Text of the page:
The Road To Cahuita
Riding the Tika Bus again we could tell within a few miles that we had left Nicaragua and were now in Costa Rica. The shanties alongside the Pan American Highway looked a little less shabby and the rusted corrugated structures used as shelters were not in evidence. The cars looked a little newer and, it took a while to notice what was lacking, there were no horses or cattle pulling carts or families walking beside the road. Overall, within just a few miles of the border, Costa Rica felt more prosperous.
The feeling of Costa Rica having more continued into the next day as we set off early in the morning from the capital city of San Jose to the Caribbean side of Costa Rica. We wound our way on a two-lane road through hills and low mountains driving through rain forests; the damp mists and clouds clung to the vehicle and traffic turned on their lights and slowed to a crawl to navigate through dense, cool fog. Alongside the road were giant ferns, plants with huge leaves at least eighteen inches across and, in some places, the trees from either side of the road touched overhead and formed a living tunnel. Occasionally we could see the valleys far below filled with hazy clouds and there were brilliant greens in every imaginable shade wherever one looked. For a while we followed a truck carrying mangoes and tomatoes and then other trucks filled with pineapples and bananas. We glimpsed numerous rivers and streams as we passed, some with round, water-smoothed rocks scattered about the riverbeds and the trees lining the banks were flowering with exotic blossoms of purple, reds, yellows and oranges. Everywhere the earth was populated by some thriving, living plant and the impression of abundance and fertility seemed to envelope us.
We arrived at our destination, Cahuita, about noon and were met by our American hosts, Edward and Julie, who led us down a dirt road about two hundred yards to the little casita on their gated property. We were compelled to walk slowly as we were valiantly dragging our hard-shell, 24-inch suitcases with state-of-the-art spinner wheels through ruts and over pebbles along-side us; yet, again, another reminder of how inappropriate our luggage is for the out-of-the-way places in which we keep finding ourselves!So, anyway, on to another piece of heaven, El Jardin Glorioso – the glorious garden. The grounds are a natural, park-like setting populated by royal palms reaching forty feet towards the sky, fan palms, triangle palms, lipstick palms and a profusion of numerous extraordinary and colorful plants, flowers and trees. This includes our new favorite, the ylang-ylang tree, which grows the most amazing flower with an intoxicating fragrance (rumored to be one of the ingredients for Chanel No. 5).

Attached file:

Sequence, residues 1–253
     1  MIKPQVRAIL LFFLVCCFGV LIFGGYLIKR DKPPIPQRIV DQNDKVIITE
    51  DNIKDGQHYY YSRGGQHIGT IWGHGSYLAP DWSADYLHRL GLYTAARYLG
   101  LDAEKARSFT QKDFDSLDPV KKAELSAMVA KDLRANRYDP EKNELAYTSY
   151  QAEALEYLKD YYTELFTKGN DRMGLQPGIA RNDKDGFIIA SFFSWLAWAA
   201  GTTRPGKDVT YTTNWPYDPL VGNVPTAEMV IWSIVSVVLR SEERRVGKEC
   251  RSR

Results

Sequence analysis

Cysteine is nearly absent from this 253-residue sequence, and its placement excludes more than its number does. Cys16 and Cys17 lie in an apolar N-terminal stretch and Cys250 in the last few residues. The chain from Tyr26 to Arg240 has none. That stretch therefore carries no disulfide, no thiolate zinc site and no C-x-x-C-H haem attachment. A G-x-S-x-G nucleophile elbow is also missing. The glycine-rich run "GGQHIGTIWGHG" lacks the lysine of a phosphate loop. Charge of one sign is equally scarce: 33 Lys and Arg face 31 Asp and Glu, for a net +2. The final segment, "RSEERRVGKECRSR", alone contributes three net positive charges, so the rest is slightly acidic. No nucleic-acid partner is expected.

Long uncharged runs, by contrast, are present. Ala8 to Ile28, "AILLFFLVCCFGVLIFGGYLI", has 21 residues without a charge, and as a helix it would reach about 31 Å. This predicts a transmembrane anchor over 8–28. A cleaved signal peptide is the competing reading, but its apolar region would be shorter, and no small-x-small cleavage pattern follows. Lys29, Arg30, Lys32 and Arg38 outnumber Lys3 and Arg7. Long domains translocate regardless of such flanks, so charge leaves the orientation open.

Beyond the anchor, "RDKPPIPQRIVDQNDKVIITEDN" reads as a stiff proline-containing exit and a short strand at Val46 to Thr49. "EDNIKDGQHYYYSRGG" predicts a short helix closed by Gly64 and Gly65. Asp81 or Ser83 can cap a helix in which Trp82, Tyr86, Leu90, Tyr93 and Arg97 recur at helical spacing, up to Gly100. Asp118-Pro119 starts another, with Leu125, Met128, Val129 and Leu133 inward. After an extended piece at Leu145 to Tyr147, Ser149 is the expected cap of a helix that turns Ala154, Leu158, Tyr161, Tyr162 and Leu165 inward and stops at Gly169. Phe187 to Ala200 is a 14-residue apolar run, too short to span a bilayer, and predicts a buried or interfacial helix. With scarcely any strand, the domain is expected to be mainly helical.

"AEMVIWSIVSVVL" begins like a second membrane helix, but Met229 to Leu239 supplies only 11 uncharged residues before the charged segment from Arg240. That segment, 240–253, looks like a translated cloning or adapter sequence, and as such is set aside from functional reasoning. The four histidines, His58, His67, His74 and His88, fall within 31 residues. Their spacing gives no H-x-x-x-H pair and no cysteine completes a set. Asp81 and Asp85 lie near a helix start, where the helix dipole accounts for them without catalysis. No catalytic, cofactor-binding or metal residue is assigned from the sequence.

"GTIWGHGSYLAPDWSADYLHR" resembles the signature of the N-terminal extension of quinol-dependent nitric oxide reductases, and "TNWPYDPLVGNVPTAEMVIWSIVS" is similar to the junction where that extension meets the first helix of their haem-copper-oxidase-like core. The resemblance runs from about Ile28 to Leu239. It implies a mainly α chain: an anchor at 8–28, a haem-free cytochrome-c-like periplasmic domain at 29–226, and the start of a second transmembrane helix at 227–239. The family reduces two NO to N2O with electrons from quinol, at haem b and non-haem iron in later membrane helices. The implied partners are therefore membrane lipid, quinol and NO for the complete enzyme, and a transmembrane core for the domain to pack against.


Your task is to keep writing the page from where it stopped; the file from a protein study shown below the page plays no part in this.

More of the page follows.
We took advantage of the property’s crown jewel, a natural coral pool that one climbed down into carefully, avoiding the sharp walls to swim in tranquil privacy; watching the waves form and crash through the pool’s opening, the sea water flowing into the enclosure and ebbing out.
And so we found ourselves spending over a week Cahuita, waking to a chorus of birds early each morning (and not a rooster crow to be heard!) and finishing our day sitting out on our porch enjoying the night sounds or at the nearby coral beach watching both the night sky and the waves.
Next post – There’s much, much more to the Cahuita area including the Cahuita National Park and The Jaguar Sanctuary.
By Anita and Richard, May, 2014